- Clarification and expansion of the district’s policy on nepotism, hiring practices, and awarding of vendor contracts and payments.
- Implementation of sub-committee to monitor spending and budgetary adherence for major projects.
Prior to the Board voting to approve the forensic evaluation, current district leaders already implemented a number of changes to assist in deterring such financial mismanagement in the future including heightening internal controls, adding additional layers of financial approval and increasing training and updates for staff regarding finance and purchasing procedures.
“Commissioning this forensic evaluation was critical for our ability as a community to close one chapter of our story and move forward with another,” DeSoto ISD Superintendent of Schools Dr. D’Andre J. Weaver said. “Our Board of Trustees led this effort to provide an additional layer of transparency for our community. During the last 20 months, my team has worked tirelessly to institute and enforce proper internal controls to prevent any further misuse of public funds as referenced in these findings. We’re focused on continuing the process of healing, redefining our future and restoring trust with our community.”
Current DeSoto ISD Board members and administrative leaders commended the efforts of the investigative firm citing the importance of the investigation in an effort to address and provide finality to a difficult chapter in the district’s past.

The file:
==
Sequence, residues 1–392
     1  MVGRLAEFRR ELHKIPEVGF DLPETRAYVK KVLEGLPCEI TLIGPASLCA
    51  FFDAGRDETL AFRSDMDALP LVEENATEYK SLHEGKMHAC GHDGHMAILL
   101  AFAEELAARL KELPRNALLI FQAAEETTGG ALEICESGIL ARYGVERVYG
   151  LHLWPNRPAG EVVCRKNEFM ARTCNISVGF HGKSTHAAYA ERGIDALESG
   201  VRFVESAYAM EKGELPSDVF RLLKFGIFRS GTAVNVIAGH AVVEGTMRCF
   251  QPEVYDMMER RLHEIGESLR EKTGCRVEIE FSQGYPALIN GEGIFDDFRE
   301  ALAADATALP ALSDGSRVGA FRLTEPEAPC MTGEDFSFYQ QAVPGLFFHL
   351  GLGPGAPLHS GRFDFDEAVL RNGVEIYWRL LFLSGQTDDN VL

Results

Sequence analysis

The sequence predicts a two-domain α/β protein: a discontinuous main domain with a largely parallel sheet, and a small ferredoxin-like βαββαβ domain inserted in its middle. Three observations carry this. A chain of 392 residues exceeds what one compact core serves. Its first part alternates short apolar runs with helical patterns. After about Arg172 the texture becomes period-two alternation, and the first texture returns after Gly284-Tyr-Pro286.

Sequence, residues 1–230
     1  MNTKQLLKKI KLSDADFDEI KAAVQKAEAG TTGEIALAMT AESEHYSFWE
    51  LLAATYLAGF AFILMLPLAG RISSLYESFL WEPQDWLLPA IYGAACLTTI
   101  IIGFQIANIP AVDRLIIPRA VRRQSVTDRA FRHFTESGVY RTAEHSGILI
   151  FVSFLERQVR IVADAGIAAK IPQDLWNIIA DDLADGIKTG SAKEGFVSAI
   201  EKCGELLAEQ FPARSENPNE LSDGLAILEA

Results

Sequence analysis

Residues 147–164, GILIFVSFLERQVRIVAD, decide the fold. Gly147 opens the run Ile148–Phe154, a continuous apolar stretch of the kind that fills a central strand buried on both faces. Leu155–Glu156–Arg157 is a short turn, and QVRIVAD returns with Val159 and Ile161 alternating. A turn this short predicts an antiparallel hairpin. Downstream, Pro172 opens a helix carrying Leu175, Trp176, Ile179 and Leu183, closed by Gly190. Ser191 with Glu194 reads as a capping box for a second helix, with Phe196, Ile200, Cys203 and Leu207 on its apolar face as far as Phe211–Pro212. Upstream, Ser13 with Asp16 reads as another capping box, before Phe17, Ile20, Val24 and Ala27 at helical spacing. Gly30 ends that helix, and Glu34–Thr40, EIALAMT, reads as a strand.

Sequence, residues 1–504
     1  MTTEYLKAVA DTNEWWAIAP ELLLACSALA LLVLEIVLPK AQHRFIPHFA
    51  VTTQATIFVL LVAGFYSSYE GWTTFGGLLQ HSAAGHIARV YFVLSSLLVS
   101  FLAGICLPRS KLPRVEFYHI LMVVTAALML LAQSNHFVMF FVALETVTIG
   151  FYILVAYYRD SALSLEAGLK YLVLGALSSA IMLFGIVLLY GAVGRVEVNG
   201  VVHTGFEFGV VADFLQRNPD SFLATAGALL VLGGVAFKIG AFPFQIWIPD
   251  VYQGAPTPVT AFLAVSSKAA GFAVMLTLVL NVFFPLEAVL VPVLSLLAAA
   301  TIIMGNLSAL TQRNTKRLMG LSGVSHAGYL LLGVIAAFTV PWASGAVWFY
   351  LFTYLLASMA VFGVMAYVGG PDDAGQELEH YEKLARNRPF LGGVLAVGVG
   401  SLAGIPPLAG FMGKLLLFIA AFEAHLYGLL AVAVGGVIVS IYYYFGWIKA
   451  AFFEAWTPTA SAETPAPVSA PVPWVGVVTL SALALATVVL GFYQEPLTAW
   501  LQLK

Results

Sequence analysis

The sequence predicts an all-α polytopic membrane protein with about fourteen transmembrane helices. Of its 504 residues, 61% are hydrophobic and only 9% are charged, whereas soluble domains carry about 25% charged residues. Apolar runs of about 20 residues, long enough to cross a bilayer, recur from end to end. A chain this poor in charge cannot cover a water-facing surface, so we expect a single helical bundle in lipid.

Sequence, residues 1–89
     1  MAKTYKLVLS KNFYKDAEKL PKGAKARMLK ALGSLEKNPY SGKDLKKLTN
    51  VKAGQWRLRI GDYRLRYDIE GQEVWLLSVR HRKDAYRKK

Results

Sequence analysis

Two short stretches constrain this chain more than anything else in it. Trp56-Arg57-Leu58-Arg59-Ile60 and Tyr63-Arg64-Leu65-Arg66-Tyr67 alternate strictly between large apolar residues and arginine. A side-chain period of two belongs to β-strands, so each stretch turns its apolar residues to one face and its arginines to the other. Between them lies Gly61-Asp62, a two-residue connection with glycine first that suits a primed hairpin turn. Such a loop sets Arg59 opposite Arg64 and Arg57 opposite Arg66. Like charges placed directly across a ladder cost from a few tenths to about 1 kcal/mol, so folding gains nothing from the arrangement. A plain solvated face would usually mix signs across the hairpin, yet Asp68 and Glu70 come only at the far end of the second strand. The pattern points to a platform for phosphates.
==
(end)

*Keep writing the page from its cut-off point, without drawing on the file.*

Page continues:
“As a Board, commissioning the forensic audit provided an opportunity to be responsive to the concerns of our community and issue accountability where appropriate,” President Daniel said. “It is our desire to guide the district and community forward as a more ethically-focused, fiscally-sound, and operationally-transparent organization in which our community can trust and believe.”
At the conclusion of the meeting, the Board approved the release of phase one of the investigation upon it being finalized and approved. The Board also approved the release of phases two and three of the investigation to the appropriate administrative and law enforcement agencies upon completion and approval of those reports.